Mature Skin

Mature Skin

As we grow older, we see and feel certain changes in our skin, which is the body’s largest and most visible organ. Mature skin becomes drier, more wrinkled, develops more blemishes and growths, and heals more slowly. Some of these skin changes are natural, unavoidable, and harmless.  Others are itchy or painful, and some changes, such as skin cancers, are serious and require medical attention.  Many of these skin problems can be prevented.  Whether a danger to health or merely cosmetically unattractive, most of these skin problems can be addressed by therapies now available.


As skin ages, collagen and elastin fibers weaken, making the skin looser, thinner, and saggier.  How wrinkled your skin becomes depends largely on how much sun you have been exposed to in your lifetime.  Cigarette smoking can also contribute to wrinkles, as can genetic factors.  Beginning in childhood, to avoid wrinkles caused by the sun, the following should be followed:

  • Always wear sunscreen with SPF of at least 30
  • Wear a hat with a brim and other protective clothing
  • Don’t deliberately sunbathe
  • Try to avoid sun exposure between 10 a.m. and 3 p.m.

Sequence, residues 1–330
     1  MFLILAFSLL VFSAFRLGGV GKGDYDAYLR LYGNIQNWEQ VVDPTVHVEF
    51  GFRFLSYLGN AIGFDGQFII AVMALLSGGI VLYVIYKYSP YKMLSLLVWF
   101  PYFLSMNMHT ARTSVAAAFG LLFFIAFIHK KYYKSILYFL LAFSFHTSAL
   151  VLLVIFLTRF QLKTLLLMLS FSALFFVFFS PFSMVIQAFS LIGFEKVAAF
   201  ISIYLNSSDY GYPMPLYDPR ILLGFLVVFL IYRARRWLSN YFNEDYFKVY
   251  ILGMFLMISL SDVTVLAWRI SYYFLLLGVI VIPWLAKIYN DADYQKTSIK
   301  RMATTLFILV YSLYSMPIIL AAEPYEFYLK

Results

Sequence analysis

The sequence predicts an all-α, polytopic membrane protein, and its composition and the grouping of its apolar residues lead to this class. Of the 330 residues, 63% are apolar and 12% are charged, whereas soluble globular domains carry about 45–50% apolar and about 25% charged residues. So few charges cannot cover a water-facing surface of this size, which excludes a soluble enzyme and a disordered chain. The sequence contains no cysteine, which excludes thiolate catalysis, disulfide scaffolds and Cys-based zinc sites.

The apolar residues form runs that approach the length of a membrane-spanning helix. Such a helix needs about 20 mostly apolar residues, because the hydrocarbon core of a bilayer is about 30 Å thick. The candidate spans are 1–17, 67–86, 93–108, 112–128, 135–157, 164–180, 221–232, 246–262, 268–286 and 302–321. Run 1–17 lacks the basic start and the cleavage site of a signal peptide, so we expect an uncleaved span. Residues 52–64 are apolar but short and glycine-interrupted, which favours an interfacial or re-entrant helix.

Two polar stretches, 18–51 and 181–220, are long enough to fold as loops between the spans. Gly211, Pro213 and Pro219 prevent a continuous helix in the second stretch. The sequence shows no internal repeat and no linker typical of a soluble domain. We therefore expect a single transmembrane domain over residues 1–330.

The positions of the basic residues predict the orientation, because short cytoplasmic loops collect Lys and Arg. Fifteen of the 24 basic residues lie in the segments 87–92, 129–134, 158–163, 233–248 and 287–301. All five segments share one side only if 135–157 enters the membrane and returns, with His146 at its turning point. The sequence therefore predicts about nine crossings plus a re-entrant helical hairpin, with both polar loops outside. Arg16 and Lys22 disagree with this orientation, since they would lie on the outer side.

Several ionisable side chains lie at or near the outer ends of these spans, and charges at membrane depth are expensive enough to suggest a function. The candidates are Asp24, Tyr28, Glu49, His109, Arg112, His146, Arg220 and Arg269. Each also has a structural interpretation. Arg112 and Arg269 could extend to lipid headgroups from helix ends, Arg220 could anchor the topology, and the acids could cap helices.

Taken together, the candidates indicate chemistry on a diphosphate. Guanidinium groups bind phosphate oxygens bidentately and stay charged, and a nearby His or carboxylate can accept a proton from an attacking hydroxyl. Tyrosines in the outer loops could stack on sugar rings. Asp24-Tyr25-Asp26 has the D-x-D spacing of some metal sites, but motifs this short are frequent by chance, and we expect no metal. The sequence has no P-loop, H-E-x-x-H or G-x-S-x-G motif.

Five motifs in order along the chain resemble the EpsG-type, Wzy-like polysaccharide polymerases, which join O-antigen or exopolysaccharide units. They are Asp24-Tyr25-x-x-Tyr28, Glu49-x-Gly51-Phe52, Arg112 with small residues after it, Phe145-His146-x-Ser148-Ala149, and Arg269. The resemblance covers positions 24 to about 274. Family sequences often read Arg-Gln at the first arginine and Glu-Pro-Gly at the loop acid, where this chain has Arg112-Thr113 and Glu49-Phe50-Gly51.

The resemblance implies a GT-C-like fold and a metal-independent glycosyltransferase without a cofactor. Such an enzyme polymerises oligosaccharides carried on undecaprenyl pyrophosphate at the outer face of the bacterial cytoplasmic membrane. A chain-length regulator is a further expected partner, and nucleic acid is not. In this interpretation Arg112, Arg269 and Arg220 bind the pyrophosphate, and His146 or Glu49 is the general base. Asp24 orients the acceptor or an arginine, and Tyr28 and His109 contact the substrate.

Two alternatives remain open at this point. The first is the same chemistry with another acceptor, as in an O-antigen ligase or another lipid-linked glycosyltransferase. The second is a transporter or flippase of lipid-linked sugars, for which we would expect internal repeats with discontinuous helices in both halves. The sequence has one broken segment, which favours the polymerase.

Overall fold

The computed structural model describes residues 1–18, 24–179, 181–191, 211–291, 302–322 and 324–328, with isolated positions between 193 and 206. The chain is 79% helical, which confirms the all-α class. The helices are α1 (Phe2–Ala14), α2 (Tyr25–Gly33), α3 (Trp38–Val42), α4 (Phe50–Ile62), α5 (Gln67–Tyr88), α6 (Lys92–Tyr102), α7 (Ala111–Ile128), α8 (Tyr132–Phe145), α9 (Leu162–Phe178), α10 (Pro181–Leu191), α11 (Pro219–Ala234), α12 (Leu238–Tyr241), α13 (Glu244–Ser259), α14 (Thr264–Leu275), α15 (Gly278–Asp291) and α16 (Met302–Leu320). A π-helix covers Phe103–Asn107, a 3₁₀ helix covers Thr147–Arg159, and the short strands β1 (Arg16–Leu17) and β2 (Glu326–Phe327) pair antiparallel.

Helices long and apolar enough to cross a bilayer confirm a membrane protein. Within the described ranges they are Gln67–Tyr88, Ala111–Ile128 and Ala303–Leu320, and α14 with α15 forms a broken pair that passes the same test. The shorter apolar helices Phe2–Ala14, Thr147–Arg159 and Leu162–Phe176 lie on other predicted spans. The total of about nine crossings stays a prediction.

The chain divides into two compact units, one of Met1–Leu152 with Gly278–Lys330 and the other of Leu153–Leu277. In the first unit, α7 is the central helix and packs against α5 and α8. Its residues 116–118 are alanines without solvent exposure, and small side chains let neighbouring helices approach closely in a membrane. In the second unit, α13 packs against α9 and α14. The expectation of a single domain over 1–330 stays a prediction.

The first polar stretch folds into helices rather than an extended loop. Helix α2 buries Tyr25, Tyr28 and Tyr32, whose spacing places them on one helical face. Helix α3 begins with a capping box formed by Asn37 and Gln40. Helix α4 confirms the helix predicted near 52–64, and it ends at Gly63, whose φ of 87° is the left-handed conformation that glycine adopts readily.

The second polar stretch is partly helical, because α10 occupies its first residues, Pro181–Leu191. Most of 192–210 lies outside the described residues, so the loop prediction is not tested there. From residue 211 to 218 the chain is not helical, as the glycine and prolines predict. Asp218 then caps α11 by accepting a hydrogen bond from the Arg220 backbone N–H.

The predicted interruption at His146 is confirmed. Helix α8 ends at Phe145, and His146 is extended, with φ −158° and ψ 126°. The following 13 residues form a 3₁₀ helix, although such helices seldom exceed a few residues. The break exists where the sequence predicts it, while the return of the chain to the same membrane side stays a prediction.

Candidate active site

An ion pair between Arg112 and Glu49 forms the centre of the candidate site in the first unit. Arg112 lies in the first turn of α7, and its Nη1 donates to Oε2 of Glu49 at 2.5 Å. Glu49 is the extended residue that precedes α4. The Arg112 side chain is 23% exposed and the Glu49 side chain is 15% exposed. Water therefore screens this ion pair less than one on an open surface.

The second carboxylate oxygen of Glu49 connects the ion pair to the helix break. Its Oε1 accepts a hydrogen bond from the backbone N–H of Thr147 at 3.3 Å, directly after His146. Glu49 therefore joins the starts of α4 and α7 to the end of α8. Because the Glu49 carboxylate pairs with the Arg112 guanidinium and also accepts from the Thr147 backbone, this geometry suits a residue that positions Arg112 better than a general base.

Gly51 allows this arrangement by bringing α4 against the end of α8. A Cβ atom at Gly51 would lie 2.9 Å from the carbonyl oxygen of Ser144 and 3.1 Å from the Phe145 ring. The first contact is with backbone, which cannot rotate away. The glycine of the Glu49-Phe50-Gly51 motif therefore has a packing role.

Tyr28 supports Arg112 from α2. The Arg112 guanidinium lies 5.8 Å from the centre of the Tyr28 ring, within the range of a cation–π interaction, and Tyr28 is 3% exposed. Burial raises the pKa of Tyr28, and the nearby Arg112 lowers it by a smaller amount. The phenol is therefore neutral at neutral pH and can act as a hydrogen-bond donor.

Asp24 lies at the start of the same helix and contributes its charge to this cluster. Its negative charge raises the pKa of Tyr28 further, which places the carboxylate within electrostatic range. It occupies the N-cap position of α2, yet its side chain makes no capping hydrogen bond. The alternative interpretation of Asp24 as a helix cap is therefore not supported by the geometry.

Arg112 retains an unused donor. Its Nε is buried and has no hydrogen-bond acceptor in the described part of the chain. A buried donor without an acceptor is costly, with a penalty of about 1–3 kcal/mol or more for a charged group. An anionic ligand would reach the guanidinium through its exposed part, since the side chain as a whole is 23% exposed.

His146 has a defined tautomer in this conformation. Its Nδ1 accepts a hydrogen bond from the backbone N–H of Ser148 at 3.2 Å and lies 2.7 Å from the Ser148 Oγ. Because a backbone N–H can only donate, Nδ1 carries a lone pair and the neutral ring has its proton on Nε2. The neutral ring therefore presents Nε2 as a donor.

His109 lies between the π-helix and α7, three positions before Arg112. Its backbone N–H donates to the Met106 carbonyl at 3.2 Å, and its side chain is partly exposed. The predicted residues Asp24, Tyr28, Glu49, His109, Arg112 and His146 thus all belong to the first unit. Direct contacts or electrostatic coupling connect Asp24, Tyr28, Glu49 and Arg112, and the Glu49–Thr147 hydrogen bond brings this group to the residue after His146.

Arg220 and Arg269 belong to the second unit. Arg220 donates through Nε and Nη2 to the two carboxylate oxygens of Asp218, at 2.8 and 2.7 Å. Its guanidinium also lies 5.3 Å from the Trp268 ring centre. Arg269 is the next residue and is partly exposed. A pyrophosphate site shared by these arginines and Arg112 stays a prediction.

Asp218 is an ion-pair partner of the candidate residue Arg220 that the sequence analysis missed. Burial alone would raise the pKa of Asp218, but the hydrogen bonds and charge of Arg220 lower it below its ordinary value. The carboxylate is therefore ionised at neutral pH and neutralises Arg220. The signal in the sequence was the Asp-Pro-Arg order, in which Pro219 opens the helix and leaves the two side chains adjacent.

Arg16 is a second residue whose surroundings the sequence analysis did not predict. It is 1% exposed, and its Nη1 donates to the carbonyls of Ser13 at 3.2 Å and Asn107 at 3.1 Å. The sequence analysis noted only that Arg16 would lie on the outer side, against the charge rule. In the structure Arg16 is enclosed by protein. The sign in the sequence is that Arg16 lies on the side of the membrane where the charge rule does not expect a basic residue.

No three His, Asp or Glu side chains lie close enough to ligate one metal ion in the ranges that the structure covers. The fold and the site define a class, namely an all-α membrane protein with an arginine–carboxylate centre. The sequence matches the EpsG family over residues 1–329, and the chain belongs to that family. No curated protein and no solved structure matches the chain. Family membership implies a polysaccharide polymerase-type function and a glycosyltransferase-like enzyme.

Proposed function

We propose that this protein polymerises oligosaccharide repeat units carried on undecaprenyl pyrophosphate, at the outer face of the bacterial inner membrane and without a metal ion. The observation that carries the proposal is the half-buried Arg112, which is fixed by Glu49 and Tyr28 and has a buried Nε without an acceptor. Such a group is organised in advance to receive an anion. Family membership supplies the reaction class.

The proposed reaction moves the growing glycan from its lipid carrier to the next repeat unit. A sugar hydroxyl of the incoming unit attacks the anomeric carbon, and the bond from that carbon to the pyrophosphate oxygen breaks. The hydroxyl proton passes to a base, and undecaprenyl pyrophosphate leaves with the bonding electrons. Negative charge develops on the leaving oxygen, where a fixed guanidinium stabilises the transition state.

Remember that sun exposure as a child or teenager makes a big difference to the appearance of the skin at the age of 30, 40, or 50.  If you have already sun-damaged your skin, you will still benefit from beginning sun protection as an adult.  It’s never too late to protect your Mature Skin.


Skin growths and pigment spots become more common as we age.  They may range from harmless “warts,” “liver spots,” or “age spots,” to skin cancers that require treatment.  Most are caused by years of sun exposure.  Among the most common are red or brown scaly spots called actinic keratoses.  If ignored, they may become skin cancers that eventually need to be removed surgically.  In the early stages they can be removed by freezing with liquid nitrogen, applying a chemotherapy cream, or by skin resurfacing.

Several other skin growths are very common in older individuals with Mature Skin.  These include lentigines, or flat brown areas sometimes referred to as “age spots” or “liver spots;” seborrheic keratoses, or brown to black raised warty growths; and cherry angiomas, or bright red raised bumps created by dilated blood vessels.

Treatments for the Aging Skin

Treatments for all of the above range from retinoic acid and alpha hydroxy acid creams, to procedures that can be done in the dermatology office.  Creases caused by facial expressions such as squinting, frowning, or smiling can be treated with injectable soft tissue fillers such as Juvederm™ or Radiesse™, or by an injectable muscle relaxer called Botox™.  Broken blood vessels accompany these wrinkles and can be treated with lasers or cautery.  None of these remedies can guarantee the appearance of youthful skin, but they can improve the overall appearance of your skin.  Wrinkled Mature Skin may be improved by resurfacing with lasers or chemical peels.